Symptoms of Dryness

Top 10 Tips for Burning Mouth from Oral Candidiasis (Thrush)

Posted on Wed, May 28, 2014

Oral candidiasis, or thrush, is a common problem in dry mouth patients.

Thrush can cause oral burning and pain. The appearance of thrush in a dry mouth patient is often atypical and appears as red and irritated instead of the typical white cottage-cheesy. The tongue may show grooves, and the corners of the lips appear red and crusty (called angular cheilitis). Here are 10 tips that can help manage & treat oral thursh:

  1. Practice excellent oral hygiene and change your toothbrush frequently when oral candidiasis is active.

  2. Talk to your dentist or rheumatologist about taking Evoxac® (cevimilene) or Salagen® (pilocarpine) to increase salivary flow.

  3. Don’t use mouthwashes containing alcohol.

  4. Limit sugar and foods that contain yeast, such as wine, beer and bread. And increase your intake of acidophilus through unsweetened yogurts with live lactobacillus acidophilus or capsules.

  5. Avoid caffeine and alcohol, both of which can increase dryness.

  6. Sip water frequently and rinse after eating or drinking if you can’t brush.

  7. If you smoke, STOP!

  8. Clean dental prostheses every day with an anti-fungal preparation and avoid wearing them at night.

  9. Talk to your dentist about prescription therapies available to help with oral candidiasis. Sometimes a combination of treatments is necessary if the problem is severe.

  10. For maintenance once thrush is under control, discuss with your dentist frequent use of a magic mouthwash with diphenhydramine, nystatin and Maalox. A chlorhexidine gluconate rinse can also be helpful (and if you wear dentures, it’s good for cleaning those too).
Is your Dry Mouth & Thrush associated with Sjögren’s? Do you also have Dry Eyes, Joint Pain or Fatigue? Click here to learn more

Check the Sjögren's Syndrome Foundation's Product Directory (free of charge to all SSF members) to see the many products available for dry mouth.

This information was taken from the SSF Patient Education Sheet: Oral Candidiasis (Thrush) authored by Nelson L. Rhodus, DMD, MPH, FICD. Dr. Rhodus is Professor and Director, Division of Oral Medicine, School of Dentistry Adjunct Professor, Department of Otolaryngology, School of Medicine, University of Minnesota, Minneapolis, Minnesota. Click Here to view the full SSF Patient Education Sheet: Oral Candidiasis (Thrush)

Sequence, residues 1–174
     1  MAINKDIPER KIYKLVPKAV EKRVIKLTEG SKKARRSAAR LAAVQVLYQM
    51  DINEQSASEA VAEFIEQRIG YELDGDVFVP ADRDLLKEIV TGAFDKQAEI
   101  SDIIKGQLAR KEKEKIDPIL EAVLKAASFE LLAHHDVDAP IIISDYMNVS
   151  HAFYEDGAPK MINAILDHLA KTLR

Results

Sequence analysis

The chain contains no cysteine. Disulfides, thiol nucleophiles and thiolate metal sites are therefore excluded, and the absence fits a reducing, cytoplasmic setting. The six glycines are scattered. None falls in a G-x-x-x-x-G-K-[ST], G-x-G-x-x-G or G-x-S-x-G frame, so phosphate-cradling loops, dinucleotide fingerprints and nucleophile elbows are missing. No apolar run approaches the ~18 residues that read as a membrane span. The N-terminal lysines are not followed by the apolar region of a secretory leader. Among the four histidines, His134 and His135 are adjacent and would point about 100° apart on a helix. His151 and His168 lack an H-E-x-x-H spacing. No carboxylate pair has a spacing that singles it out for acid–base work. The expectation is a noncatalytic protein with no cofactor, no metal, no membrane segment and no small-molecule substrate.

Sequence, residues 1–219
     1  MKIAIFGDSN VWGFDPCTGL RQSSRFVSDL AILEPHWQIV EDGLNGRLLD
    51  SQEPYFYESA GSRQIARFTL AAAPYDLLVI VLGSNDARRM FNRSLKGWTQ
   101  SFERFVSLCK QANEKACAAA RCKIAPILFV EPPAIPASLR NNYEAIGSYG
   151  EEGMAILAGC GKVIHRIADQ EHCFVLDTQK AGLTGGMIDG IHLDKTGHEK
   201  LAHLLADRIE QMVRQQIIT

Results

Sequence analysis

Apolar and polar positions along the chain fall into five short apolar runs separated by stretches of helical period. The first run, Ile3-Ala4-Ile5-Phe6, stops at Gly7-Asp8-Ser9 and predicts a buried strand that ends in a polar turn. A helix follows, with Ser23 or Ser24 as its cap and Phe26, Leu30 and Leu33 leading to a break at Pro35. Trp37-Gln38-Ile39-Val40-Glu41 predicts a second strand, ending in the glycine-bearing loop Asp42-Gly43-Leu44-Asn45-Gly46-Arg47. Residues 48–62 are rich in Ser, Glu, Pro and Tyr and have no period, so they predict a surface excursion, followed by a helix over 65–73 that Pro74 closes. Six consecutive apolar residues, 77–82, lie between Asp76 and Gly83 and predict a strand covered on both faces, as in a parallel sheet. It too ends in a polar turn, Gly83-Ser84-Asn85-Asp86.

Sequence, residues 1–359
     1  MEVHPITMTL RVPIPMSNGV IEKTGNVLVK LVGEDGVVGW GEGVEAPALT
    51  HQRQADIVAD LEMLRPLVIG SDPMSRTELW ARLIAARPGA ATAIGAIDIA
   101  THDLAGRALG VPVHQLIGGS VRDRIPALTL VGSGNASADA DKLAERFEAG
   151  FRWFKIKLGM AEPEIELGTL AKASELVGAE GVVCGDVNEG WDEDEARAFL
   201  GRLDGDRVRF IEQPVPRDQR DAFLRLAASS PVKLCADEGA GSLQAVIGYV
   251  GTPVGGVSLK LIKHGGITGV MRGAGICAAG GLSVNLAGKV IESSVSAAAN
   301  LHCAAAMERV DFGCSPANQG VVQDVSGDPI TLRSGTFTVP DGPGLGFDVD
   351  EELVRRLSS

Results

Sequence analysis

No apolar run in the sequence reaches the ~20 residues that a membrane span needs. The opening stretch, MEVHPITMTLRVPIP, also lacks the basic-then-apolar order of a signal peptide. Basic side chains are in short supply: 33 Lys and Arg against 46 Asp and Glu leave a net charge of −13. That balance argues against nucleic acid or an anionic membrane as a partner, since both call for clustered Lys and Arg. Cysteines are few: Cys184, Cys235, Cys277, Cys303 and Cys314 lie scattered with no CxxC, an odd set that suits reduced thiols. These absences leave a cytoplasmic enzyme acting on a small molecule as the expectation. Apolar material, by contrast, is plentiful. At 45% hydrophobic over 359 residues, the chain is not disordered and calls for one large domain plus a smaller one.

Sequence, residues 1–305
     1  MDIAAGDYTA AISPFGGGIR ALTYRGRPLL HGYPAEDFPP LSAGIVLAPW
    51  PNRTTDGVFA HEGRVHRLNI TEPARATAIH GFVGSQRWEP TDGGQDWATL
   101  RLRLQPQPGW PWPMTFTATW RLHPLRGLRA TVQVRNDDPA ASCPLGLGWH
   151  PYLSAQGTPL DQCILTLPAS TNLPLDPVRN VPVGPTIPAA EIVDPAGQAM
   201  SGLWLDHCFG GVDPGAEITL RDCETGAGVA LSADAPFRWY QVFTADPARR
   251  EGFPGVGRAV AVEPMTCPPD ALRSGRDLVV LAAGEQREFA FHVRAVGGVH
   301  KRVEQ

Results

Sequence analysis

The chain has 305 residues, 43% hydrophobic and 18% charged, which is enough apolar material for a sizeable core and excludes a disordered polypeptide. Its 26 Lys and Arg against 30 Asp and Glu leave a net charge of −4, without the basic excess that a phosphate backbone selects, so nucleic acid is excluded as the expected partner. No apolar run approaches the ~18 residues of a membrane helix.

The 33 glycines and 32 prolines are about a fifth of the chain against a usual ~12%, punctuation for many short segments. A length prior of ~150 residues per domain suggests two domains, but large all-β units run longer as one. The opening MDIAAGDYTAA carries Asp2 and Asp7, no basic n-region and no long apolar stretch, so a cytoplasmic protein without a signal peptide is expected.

Topics: Dry Mouth, Dry Eyes, Symptoms, Sjogren's, Joint Pain, Fatigue, Tooth Decay, Treatment, Saliva, Oral Candidiasis, Thrush, Burning mouth, coping with sjogren's, Chronic Pain

Dry Mouth and Tooth Decay

Posted on Tue, Dec 10, 2013

describe the imageSince saliva plays such an important role in the oral cavity, decreased salivation can lead to many problems. If a person's dry mouth condition persists for months or years, a patient may develop oral complications such as difficulty swallowing, severe and progressive tooth decay, oral infections (particularly fungal), or combinations of these.

Early signs to look for that indicate dry mouth include: dental decay located at the necks of teeth next to the gums or on the chewing edges of teeth. Symptoms of dry mouth can include difficulty swallowing food (especially dry food) without a drink, a change in the sense of taste, a burning sensation or pain in the mouth, tooth decay, difficulty talking or eating certain foods, or some combination of these.

About Saliva
Saliva is an essential body fluid for protection and preservation of the oral cavity and oral functions. It is produced by the three pairs of major salivary glands and hundreds of minor salivary glands. Its value is seldom appreciated until there is not enough. Saliva is mostly water, but it also contains over 60 substances, which:

  • protect, lubricate and cleanse the oral mucosa
  • aid chewing, swallowing and talking
  • protect the teeth against decay
  • protect the mouth, teeth, and throat from infection by bacteria, yeasts, and viruses
  • support and facilitate our sense of taste 

Ask your dentist

  • how frequently you need to be checked for early decay.
  • for specific instructions regarding your oral hygiene.
  • about the possible need for home and/ or professionally-applied topical fluoride (in addition to the fluoride contained in your daily toothpaste). Topical fluoride gels usually require a personalized ‘tray’ for best delivery to your teeth. In some cases, a fluoride varnish may be applied by your dentist.
  • if you should use a remineralizing agent. 

Dry mouth causes include

  • prolonged use of many prescription drugs including certain antihistamines, antihypertensives, and antidepressants
  • chronic diseases such as Sjögren’s, sarcoidosis, hepatitis C, diabetes, or depression
  • medical treatments such as radiation therapy to the head and neck or bone marrow transplantation 
Is your Dry Mouth associated with Sjögren’s? Do you also have Dry Eyes, Joint Pain or Fatigue? Click here to learn more

Additional Dry Mouth Resources: 


Topics: Dry Mouth, Dry Eyes, Symptoms, Sjogren's, Joint Pain, Fatigue, Tooth Decay

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